This is a bit of a sidetrack before the next Under Pressure post. I’m writing this because of some thinking that occurred to me after reading an article, posting it, and then responding to a comment made. The article was about the recovery of a deceased diver, who had been laying, preserved, on the bottom of Lake Michigan. What the short conversation centred around was this: “‘They knew what they were doing and they had the equipment to do it,’ an officer wrote in his report.”. To one reader, this was sufficient proof that they were ready for the dive and that I was engaging in hyperbole in my description of the series of events as being “grim”. There is a vast gulf of difference between experience and training. Having done something with no ill effects does not mean that you’ve done it safely, correctly, or that you are ready for emergencies at depth. The deceased in this case was (according to the article) certified to Open Water Diver with a Wreck specialty. The skills required for a technical dive to 225′ (68.5m) with decompression stops are not taught at that level.
On the safety side of the house, there were several glaring errors that stood out to me on the part of the divers:
- Free-flow drills weren’t followed
- With a functioning octopus, there was no reason to buddy breath and add to the stress of the situation
- poor response to a panicked diver to unresponsive diver situation
- insufficient training for the dive at hand
Now, there are a lot of defences that can be mustered, and hindsight is always 20/20. These men were in a bad situation that got progressively worse, and they responded the best they could. Yes, it was 1999, and the diving world still had more than a bit of “cowboy” going on when it came to assessing whether or not you could/should do a dive. “Experience” is also a relative term, to people outside the diving world, an Open Water Diver who does five or six dives a year is an “experienced diver”; whereas some within the diving world are looking at several hundred dives in an “experienced” diver. Experience ≠ Training Equivalence. Even the infamous OJT (on the job) training style has to adhere to standards for how things are done and how to react to situations. Taking a diver down and past their training level multiple times without incident will not prepare them for an incident or emergency at depth. To use a more familiar analogy: would you put someone who had only ever driven tractors on the farm but had been on trips to the city behind the wheel of a sports coupe and tell them to drive through a city? Probably not. They haven’t been taught how to operate the sports coupe, or how to navigate traffic and pedestrians.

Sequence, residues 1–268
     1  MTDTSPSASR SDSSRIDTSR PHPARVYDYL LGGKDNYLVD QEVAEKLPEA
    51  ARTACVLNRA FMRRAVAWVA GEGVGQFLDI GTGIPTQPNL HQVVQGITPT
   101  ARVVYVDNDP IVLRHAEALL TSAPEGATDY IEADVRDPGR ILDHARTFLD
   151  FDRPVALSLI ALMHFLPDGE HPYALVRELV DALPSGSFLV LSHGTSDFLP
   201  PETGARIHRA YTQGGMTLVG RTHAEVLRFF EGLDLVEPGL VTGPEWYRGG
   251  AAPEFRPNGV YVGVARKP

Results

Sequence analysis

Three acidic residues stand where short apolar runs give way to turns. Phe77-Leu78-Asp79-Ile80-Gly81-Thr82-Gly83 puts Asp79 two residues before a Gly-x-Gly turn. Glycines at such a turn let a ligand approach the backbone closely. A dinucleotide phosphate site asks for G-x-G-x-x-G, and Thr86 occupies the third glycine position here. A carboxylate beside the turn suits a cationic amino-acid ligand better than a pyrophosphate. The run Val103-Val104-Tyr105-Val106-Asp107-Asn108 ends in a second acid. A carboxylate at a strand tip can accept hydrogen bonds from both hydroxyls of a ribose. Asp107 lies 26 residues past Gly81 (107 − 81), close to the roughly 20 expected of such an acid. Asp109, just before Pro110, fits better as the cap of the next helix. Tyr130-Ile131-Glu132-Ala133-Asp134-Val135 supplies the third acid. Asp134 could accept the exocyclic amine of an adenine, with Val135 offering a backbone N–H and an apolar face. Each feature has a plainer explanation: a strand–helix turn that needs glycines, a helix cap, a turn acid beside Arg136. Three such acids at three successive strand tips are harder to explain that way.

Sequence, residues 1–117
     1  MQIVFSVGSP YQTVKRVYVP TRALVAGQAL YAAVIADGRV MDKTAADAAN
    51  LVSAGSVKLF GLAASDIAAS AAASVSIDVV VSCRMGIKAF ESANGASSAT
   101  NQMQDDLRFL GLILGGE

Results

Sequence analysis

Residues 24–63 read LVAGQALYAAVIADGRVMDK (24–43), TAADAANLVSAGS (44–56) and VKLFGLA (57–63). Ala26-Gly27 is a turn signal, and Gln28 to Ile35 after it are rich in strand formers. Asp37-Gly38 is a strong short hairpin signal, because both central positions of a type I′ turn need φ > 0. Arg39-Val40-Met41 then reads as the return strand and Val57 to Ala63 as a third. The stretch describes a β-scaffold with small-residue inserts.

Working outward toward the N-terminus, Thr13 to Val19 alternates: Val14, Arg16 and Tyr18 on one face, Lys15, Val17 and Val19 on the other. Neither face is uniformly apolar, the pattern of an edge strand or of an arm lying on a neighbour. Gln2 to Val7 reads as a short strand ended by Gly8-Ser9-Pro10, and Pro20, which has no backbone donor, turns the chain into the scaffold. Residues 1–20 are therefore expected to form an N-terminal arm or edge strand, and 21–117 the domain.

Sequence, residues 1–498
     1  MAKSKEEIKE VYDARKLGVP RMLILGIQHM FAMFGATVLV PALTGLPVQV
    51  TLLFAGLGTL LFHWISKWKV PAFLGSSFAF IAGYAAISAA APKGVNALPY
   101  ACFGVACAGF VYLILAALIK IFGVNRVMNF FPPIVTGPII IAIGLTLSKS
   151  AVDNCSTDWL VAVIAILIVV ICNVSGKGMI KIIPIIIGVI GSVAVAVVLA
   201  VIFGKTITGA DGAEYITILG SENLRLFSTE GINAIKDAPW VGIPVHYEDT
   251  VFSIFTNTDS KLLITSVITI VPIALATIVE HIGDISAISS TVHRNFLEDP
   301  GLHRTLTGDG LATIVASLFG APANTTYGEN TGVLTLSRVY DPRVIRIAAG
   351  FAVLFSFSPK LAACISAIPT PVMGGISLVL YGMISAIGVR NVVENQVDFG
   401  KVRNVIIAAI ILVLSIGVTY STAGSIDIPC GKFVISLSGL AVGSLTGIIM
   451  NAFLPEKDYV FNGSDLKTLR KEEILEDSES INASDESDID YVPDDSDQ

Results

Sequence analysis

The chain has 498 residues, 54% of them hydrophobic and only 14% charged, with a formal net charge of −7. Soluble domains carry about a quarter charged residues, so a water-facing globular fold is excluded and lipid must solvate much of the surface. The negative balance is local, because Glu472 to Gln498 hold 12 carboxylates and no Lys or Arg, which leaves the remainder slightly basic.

The final point I’ll raise is one that I’ve touched on briefly before in Deep Diving, that depth restrictions are there for a reason. Sure, you could read about the effects of depth on your mental state, or how pressure affects your physiology, but that doesn’t replace actually being formally instructed, and more importantly, shown. I still distinctly remember the surprise I felt at seeing how I’d made mistakes using the tables at 40m down vs on the surface. I also remember being drilled repeatedly on rescue techniques during my Rescue Diver and Divemaster training with Bali Scuba, and again during commercial dive training at DiveSafe International; in addition to emergency drills. Could I do a lot of the same dives without that training? Yes, but with dramatically increased risk to myself and others in the event of an incident. Scuba diving is one of the original extreme sports, and it’s easy to forget this with the level of mainstream penetration it has as a sport. Like any other extreme sport, it’s important to know your limits and to make smart decisions about when and how you push the envelope, and be sure you’re trained and practiced for it.